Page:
"The best work in 2003 has been a result of relationships built up over time," says Dawton. "Clients need to make the most of the design industry's talent of understanding how business links to consumers, how people think and why they buy."
Peggy Connor, head of design and strategic consultancy at the AAR, agrees: "Clients today are focusing on loyalty and long-term relationships, not short-term fireworks."
In a year clouded by war and fears of terrorism, frivolity in design was scarce. But the cautious atmosphere has had its benefits, as clients became more aware of the importance of design to the bottom line.
"There is a realisation that brand design can be at the heart of the business strategy," says John Mathers, managing director of branding and design agency Enterprise IG, and president of the DBA.
Effectiveness is something Elmwood Design showed in the repackaging of Manor Born sausages. The revamp emphasised the family-run nature of the business and led to a 57% rise in monthly turnover. This was achieved with no other communication or price change.
Another triumph of effectiveness came from last year's Marketing Design Agency of the Year, Williams Murray Hamm, with its in-store and packaging work for Here, the organic food retailer. This helped to increase individual customer spending at Here from £5 to £21. "It is a prime example of design having a profound impact on a small business," says Dawton.
WMH had a notable year, picking up accolades in Marketing's Brand Design Awards for work on the V&A shop, and on Clipper Teas, which took visual inspiration from magazines such as National Geographic, eschewing traditional conventions in the premium tea sector.
Lewis Moberly had a strong year too, with a Marketing Brand Design award for its work on a corporate identity for advertising charity NABS and a commendation for its Piz Buin Self Tan packaging design.
Consistently interesting package design ensured Jones Knowles Ritchie once again stood out from the crowd, with a Marketing Brand Design award for the Molton Brown Men's range and its cube-shaped packaging for Hula Hoops Shoks.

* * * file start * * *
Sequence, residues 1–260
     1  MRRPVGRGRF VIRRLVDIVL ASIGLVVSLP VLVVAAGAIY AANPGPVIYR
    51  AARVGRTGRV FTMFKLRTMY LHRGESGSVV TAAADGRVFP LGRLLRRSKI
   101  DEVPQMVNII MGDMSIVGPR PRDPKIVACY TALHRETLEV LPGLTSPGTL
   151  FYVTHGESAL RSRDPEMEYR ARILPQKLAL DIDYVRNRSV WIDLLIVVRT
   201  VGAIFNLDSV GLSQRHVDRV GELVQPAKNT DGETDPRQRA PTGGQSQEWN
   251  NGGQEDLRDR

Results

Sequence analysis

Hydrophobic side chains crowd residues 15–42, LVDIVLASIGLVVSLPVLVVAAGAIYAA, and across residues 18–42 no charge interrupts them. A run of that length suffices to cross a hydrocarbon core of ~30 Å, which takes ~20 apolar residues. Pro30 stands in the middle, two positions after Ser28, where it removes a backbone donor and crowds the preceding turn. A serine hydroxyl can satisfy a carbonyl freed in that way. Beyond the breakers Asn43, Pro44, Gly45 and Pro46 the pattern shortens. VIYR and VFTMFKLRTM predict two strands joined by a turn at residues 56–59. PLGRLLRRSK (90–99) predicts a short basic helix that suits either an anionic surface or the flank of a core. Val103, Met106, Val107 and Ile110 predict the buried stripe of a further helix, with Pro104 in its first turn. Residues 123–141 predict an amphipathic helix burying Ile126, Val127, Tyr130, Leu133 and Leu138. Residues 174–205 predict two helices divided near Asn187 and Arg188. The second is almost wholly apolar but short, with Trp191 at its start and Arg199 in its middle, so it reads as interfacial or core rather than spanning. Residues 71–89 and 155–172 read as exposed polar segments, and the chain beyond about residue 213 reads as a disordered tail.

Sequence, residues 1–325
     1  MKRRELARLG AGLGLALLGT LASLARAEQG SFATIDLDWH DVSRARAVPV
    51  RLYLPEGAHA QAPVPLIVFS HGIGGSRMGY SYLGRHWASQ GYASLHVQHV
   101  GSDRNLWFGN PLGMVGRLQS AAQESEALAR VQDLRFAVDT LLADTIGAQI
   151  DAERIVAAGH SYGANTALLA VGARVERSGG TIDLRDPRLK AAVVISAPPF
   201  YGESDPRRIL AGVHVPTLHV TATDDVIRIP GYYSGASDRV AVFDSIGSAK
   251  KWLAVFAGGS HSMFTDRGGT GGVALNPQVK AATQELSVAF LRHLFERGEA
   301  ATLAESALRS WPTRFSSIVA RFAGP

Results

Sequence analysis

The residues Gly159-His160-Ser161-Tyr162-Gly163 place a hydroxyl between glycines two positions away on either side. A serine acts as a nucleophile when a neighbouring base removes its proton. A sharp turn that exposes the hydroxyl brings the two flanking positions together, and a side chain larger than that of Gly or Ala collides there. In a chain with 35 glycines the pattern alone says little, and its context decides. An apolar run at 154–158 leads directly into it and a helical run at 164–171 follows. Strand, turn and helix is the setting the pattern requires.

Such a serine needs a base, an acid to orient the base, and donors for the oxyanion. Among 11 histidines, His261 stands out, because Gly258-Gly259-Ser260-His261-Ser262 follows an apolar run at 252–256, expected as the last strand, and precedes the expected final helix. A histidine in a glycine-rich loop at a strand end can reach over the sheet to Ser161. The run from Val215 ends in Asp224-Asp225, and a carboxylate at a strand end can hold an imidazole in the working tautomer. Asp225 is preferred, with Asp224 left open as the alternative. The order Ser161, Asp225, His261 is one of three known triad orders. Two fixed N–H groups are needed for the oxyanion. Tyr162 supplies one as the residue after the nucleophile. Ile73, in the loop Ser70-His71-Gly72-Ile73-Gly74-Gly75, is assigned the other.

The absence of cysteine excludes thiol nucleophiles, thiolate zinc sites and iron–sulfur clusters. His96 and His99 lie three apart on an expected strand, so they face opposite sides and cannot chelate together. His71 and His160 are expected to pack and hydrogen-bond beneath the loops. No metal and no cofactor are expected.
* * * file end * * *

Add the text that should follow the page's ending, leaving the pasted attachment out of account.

On the whole, FMCG packaging has not been setting the design world alight in 2003. More interesting have been retail experience and corporate branding projects, such as Wolff Olins' relaunch of Abbey National as the multi-coloured Abbey.
"The past year has seen the demise of the silly name era," says Mathers.
"Abbey works because it's pared down, it's simple and it hasn't tried to reinvent itself."
Another bank to receive a makeover was NatWest, with a fresh palette courtesy of The Partners. The agency was also responsible for the recent global update of the Jaguar brand. It was asked to create a brand identity for the luxury car company, which would enhance its contemporary positioning, without conflicting with its past.
The end result prompted Mike O'Driscoll, the president of Jaguar North America, to say: "In some ways you haven't really changed anything, while in fact you have actually changed everything."
Spectacular innovation has been thin on the ground, something the AAR's Connor puts down to cash-strapped clients' reluctance to take risks. But she says the retail industry is bucking this trend by investing in long-term brand development.
"The big challenge in this area is to create a big experience that actually works," says Enterprise IG's Mathers, who holds up Niketown, the Levi's stores and Enterprise's own Audi Forum as successful examples.
This challenge was met head-on by 20/20, with retail environment designs for Orange and Oasis in the Birmingham Bullring. It also developed Boots' Work Convenience store in London, a food-led outlet for workers in a hurry.
The store is now trading at between 20% and 30% ahead of its targets.
One agency reaping the benefits of long-term partnerships is Corporate Edge. The corporate-identity specialist has been Cadbury Trebor Bassett's leading innovation consultancy for more than 20 years, which led to the agency being chosen to roll out a new identity for Cadbury-Schweppes in 2003.
Its work on loyalty brand Nectar continued in 2003, with the agency picking up a commendation at Marketing's Brand Design Awards for its work on the scheme.
Finally, love it or loathe it, you are unlikely to have missed Kino Design's London 2012 logo. The choice was mired in controversy, mainly in relation to the mass-invitation process used to select a winner, something the DBA's Dawton took issue with. "You don't send out a brief to 10,000 people and hope someone will come up with the right answer overnight."